The U.S. economy notched an average year of growth in 2019.
Gross domestic product (GDP) rose 2.1% in the fourth quarter of 2019, according to Bureau of Economic Analysis data released today. Net exports added 1.5 percentage points, its largest contribution to quarterly GDP growth in 10 years, as global demand picked up and domestic demand waned. Consumer spending contributed 1.2 percentage points, while inventories subtracted 1.1 percentage points. Business spending was a drag on growth for the third straight quarter.
Today’s fourth quarter GDP report officially closed the book on 2019, a curious year for the U.S. economy. As shown in the LPL Chart of the Day, GDP increased 2.3% in 2019, in line with average growth in this economic cycle.
The U.S. consumer was the foundation of the economy, contributing an average of 1.8 percentage points to quarterly GDP growth last year. Consumer incomes benefited from low unemployment and solid job creation, while rising stock prices and fiscal stimulus gave household spending an extra boost.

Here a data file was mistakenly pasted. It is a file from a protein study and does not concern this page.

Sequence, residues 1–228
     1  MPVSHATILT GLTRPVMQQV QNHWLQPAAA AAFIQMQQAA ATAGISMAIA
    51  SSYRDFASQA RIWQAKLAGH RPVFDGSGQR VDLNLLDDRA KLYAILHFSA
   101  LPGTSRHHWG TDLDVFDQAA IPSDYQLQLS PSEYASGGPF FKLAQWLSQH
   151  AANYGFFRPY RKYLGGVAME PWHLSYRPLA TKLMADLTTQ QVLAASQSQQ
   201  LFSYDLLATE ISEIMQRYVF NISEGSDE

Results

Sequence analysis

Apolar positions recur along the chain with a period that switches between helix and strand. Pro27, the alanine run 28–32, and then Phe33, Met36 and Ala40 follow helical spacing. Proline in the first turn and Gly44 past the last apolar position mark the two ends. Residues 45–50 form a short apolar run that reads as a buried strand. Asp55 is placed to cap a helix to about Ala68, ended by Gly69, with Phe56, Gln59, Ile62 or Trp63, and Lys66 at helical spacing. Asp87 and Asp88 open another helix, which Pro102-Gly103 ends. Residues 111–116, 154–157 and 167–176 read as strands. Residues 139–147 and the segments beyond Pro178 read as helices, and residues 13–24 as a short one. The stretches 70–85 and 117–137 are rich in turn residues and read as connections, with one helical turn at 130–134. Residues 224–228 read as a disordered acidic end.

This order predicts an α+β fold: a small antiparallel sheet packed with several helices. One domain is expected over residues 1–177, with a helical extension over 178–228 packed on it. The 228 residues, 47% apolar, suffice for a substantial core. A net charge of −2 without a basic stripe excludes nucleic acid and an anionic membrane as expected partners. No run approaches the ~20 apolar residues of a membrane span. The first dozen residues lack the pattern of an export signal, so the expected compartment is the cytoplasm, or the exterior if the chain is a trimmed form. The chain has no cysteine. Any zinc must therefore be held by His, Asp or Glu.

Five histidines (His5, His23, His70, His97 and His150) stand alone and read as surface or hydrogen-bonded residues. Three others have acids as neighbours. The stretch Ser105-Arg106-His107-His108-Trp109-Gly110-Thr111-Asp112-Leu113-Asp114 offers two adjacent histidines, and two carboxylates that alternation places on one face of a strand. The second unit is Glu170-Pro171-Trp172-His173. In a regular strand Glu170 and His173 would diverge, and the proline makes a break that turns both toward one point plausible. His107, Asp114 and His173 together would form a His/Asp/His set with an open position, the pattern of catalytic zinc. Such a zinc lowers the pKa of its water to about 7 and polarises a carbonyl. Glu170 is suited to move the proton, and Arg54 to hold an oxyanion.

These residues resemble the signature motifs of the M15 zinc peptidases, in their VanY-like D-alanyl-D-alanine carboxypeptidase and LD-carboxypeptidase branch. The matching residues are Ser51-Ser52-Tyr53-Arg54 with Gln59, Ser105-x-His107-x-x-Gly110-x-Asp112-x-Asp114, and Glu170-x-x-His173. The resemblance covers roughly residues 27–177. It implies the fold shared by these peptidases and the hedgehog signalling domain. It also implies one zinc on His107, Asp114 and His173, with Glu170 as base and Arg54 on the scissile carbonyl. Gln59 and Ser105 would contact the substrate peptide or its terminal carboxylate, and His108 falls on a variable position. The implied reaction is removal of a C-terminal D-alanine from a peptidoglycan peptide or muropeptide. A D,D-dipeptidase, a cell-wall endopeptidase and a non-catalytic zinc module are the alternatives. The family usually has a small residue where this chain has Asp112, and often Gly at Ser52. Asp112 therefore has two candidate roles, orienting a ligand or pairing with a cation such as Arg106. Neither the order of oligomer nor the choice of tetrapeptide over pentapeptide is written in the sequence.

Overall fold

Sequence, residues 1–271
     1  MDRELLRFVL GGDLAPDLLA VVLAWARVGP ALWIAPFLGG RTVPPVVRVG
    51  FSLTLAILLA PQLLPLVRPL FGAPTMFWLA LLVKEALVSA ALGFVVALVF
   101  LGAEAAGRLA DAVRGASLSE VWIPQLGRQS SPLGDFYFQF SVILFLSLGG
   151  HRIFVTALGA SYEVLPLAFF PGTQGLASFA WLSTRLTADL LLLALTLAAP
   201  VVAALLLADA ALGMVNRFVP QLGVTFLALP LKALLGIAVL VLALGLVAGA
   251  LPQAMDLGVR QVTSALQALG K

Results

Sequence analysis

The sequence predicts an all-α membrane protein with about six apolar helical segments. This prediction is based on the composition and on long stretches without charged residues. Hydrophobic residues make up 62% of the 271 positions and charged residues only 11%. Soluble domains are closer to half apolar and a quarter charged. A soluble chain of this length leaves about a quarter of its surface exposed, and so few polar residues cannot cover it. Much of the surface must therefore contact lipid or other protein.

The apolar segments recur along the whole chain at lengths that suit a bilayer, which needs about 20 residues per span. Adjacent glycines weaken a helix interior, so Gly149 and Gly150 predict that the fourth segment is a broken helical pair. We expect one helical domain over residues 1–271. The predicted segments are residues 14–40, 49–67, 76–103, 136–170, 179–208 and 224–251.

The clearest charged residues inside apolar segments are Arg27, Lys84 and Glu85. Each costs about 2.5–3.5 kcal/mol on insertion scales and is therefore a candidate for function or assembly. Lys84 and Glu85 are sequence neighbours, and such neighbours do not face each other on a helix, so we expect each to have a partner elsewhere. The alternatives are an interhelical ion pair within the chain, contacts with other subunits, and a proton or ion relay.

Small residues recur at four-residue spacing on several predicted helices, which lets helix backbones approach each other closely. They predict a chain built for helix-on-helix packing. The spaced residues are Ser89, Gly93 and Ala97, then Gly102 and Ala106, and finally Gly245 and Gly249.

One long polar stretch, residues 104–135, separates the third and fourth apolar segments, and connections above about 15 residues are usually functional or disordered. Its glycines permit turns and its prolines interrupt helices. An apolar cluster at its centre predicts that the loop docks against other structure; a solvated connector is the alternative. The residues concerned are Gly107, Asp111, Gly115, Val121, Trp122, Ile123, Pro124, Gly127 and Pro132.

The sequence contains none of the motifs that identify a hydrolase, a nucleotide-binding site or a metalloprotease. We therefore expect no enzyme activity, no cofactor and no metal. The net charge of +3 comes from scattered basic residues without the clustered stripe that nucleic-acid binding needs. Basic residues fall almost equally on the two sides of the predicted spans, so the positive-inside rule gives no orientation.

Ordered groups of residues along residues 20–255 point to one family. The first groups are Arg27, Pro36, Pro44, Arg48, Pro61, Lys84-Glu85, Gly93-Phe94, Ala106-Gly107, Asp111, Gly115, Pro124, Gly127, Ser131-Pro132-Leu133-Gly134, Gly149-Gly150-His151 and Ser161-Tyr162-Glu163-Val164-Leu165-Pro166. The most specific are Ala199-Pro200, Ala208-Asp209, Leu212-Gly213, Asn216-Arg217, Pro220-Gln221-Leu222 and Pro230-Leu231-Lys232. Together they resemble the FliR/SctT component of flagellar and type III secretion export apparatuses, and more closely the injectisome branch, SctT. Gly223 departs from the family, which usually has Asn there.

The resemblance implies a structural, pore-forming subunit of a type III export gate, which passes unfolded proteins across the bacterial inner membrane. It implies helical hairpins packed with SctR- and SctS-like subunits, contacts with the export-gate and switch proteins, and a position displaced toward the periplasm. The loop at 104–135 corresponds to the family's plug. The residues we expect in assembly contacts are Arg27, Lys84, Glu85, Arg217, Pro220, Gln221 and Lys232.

“Trade tensions barely dented consumer activity, leading to a surprisingly steady year for GDP growth,” said LPL Financial Chief Investment Strategist John Lynch. “The U.S. economy proved once again that it can stand resilient against global headwinds on the basis of solid fundamentals.”
However, growth in other sectors in the economy stagnated under global pressures. Business spending showed no real advance as companies backed off from new capital investments in the face of elevated global uncertainty. Declining exports were a meaningful drag on growth in the second and third quarters of 2019, even though exports rebounded relative to imports last quarter.
Moving into 2020, we hope the global economy picks up some steam and corporations ramp up spending. However, even with the recent de-escalation of U.S-China trade tensions, global uncertainty is still high, particularly as cases of coronavirus continue to increase and disrupt China’s local economy.
We’re hopeful the U.S. consumer continues to power the expansion, and trade clarity may present the opportunity for upside, but overall, we think U.S. economic growth will slow to about 1.75% this year.
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Please read the full Outlook 2020: Bringing Markets Into Focus publication for additional description and disclosure.
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